The petition explains that a May 13 NATO bombing that resulted in the deaths of 11 Islamic religious leaders and the injuring of 47 others, who were part of a peace delegation to end the war, represented “a most grievous war crime. It is an unprecedented new level of international lawlessness and it reveals a dangerous escalation of the war on Muslim people. It comes on top of the ongoing criminal assassination attempts on Col. Gadhafi, which have already killed his son and three of his grandchildren.”
Obama did submit a request for authorization to continue the war to the U.S. Congress, which has yet to act on it. Even though the 60 days that the War Powers Act allowed the president expired the day after his speech, the attacks against Libya are escalating. Jeffrey Feltman, Washington’s assistant secretary of state for the Near East, traveled to Benghazi and met with representatives of the rebel National Transitional Council in a further provocation against the government in Tripoli, which is being bombed daily.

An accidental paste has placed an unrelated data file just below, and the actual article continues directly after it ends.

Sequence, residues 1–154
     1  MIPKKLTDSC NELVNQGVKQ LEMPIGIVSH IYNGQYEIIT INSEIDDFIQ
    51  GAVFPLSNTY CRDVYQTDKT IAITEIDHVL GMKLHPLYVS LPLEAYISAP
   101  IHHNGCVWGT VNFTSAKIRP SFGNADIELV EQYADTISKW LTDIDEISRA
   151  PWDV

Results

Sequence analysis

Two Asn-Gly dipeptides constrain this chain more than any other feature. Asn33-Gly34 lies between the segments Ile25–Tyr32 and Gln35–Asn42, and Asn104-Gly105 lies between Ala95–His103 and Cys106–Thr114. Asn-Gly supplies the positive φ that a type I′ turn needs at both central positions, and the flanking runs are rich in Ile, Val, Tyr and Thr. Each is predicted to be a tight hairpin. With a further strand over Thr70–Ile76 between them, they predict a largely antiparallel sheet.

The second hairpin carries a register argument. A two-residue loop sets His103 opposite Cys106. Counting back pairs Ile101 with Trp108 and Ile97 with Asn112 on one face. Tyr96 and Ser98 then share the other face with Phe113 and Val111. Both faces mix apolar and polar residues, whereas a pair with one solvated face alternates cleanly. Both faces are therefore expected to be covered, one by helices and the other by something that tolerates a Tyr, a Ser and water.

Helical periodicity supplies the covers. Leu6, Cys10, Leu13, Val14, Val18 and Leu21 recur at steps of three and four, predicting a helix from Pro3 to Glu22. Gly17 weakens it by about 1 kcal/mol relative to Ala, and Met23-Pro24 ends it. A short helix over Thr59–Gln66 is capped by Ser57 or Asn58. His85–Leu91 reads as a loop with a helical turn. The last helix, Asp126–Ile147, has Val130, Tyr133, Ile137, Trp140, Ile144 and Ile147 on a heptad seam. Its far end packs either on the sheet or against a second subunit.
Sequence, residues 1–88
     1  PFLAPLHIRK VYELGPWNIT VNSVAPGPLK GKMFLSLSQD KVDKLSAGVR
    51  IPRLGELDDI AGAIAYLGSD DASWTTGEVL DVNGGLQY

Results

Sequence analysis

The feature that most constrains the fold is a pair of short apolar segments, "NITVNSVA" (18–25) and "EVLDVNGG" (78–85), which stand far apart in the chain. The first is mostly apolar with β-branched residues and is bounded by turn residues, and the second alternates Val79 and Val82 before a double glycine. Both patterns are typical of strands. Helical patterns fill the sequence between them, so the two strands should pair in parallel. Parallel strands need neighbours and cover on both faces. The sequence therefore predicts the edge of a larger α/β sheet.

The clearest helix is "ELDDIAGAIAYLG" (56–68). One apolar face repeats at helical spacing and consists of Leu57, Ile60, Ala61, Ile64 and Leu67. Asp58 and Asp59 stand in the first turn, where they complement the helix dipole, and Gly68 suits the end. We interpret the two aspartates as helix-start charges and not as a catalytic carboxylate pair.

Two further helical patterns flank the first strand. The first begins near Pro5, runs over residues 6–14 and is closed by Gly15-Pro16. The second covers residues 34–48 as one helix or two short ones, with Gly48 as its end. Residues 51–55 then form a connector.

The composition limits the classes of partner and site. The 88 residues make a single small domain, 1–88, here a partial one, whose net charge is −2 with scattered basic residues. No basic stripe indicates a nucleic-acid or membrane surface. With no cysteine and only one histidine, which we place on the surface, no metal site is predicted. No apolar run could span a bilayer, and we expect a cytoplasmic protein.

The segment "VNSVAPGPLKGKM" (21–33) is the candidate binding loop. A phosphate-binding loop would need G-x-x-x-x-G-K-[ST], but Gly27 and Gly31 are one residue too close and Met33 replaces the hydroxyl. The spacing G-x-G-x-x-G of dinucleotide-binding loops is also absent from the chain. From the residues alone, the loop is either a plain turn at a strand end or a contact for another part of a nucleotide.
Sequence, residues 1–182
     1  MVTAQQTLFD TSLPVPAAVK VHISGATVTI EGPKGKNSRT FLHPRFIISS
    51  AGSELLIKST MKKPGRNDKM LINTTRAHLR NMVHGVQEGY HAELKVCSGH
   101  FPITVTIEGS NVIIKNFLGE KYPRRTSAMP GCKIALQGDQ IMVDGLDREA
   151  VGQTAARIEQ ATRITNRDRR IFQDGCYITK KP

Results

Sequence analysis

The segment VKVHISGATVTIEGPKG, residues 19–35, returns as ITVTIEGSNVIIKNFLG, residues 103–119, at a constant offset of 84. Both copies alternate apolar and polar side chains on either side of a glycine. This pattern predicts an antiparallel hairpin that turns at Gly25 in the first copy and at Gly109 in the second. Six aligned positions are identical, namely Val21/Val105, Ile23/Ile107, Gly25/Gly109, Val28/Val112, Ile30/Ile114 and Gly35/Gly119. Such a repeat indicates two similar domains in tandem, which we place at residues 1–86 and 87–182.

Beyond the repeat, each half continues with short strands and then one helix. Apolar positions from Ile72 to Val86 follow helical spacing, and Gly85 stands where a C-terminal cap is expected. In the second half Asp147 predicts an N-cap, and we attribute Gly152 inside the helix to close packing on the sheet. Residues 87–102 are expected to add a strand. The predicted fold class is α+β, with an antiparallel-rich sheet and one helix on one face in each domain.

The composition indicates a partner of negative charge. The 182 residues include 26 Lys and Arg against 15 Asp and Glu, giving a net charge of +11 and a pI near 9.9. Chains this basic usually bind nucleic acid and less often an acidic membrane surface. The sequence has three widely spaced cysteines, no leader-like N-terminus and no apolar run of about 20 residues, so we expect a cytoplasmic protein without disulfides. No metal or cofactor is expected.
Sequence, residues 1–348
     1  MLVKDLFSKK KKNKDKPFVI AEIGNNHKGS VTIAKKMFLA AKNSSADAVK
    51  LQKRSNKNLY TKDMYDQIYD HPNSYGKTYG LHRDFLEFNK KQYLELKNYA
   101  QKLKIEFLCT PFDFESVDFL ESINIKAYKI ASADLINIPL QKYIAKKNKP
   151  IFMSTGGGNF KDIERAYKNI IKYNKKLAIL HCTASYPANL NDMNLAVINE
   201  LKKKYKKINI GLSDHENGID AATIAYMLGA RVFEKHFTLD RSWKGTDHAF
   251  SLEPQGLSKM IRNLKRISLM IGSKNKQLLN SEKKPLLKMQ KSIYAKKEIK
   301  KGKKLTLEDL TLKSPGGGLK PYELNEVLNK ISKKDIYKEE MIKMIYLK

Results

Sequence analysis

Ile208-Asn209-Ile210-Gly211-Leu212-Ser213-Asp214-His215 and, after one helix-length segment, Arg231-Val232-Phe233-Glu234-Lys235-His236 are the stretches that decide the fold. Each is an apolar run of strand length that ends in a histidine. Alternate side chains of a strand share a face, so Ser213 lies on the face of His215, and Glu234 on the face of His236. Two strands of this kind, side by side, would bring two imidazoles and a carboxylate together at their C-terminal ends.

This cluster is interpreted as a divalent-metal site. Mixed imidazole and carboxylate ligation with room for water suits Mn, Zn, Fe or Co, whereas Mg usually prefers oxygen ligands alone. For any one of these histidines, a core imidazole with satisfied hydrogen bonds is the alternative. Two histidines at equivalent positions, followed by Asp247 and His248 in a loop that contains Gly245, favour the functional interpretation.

Irrespective of the outcome of the congressional discussion on the U.S./NATO war against Libya, the imperialist states are committed to the ongoing destruction of this North African country, which had the highest income level and standard of living on the continent. The only real hope for ending the war is the continuing resistance of the people in Libya against this military onslaught and the opposition to the regime-change strategy by people in the U.S. and around the world.